Thrombolytics for cardiac arrest: case report and systematic review of controlled trials.
Ann Pharmacother. 2010 Dec;44(12):2007-13. Epub 2010 Nov 30. PMID: 21119096
Royal Columbian Hospital, New Westminster, British Columbia, Canada.
OBJECTIVE: To describe a successful case involving the use of tenecteplase during cardiac arrest for presumed pulmonary embolism (PE) and to systematically review the evidence from controlled trials supporting the efficacy and safety of thrombolysis during cardiac arrest.
CASE SUMMARY: A 48-year-old male presented to the emergency department with an acute onset of shortness of breath that began approximately 2 hours prior to presentation. Prior to undergoing a computed tomography (CT) scan to rule out PE, the patient went into cardiac arrest, with an initial rhythm of pulseless electrical activity at a rate of 140 beats/min. Cardiopulmonary resuscitation (CPR) was initiated and, due to suspected PE, a bolus dose of tenecteplase 50 mg was administered immediately following a single 1-mg dose of epinephrine. CPR was continued and 4 additional 1-mg doses of epinephrine and three 1-mg doses of atropine were given. After 13 minutes of CPR, return of spontaneous circulation (ROSC) was achieved, with a blood pressure of 144/50 mm Hg. After the patient was stabilized, a CT scan demonstrated extensive bilateral pulmonary emboli in most segmental arteries. He was admitted to the intensive care unit where he was sedated, paralyzed, and treated with induced hypothermia for 24 hours. He was discharged from the hospital 2 weeks later on warfarin, with no noted neurologic deficits.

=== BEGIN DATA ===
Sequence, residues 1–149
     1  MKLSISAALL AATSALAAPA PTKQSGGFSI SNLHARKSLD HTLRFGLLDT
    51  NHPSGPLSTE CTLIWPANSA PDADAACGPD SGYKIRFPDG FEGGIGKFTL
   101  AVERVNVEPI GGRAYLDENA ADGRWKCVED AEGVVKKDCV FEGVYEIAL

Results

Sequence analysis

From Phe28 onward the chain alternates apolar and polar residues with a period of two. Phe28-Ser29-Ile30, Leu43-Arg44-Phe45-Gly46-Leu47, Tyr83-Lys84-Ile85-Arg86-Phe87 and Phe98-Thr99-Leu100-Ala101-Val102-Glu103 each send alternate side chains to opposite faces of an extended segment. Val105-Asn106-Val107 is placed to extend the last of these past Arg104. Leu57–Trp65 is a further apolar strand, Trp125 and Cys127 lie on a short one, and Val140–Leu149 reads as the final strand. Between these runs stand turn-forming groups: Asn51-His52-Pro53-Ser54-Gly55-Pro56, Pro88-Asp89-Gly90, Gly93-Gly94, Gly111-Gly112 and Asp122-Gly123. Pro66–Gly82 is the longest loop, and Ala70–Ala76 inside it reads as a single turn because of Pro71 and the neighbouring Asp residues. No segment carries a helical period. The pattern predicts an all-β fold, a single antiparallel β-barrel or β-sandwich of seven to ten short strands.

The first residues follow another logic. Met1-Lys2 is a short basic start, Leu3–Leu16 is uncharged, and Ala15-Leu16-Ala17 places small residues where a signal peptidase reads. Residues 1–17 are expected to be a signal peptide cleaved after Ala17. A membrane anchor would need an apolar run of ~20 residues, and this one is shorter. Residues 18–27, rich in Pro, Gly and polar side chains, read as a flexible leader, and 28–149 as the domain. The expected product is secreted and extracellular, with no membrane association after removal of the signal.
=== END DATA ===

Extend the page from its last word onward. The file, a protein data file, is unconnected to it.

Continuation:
DISCUSSION: A systematic search of MEDLINE (1950-August 2010), Embase (1980-August 2010), and Google Scholar (to August 2010) was conducted to identify prospective controlled trials that investigated the use of thrombolytic medications to treat cardiac arrest. Five trials involving 1544 undifferentiated cases of cardiac arrest were found. Overall, some trials reported an improved rate of ROSC following administration of thrombolytics, but there was no overall mortality reduction in any trial. There was, however, an increased risk of bleeding events following administration of a thrombolytic drug.
CONCLUSIONS: Controlled trials demonstrate that there is a lack of benefit and potential harm in administering thrombolysis in an undifferentiated patient with cardiac arrest. However, the case we present provides evidence that fibrinolysis may benefit selected patients with cardiac arrest in whom PE is confirmed or in whom there is high index of suspicion of PE.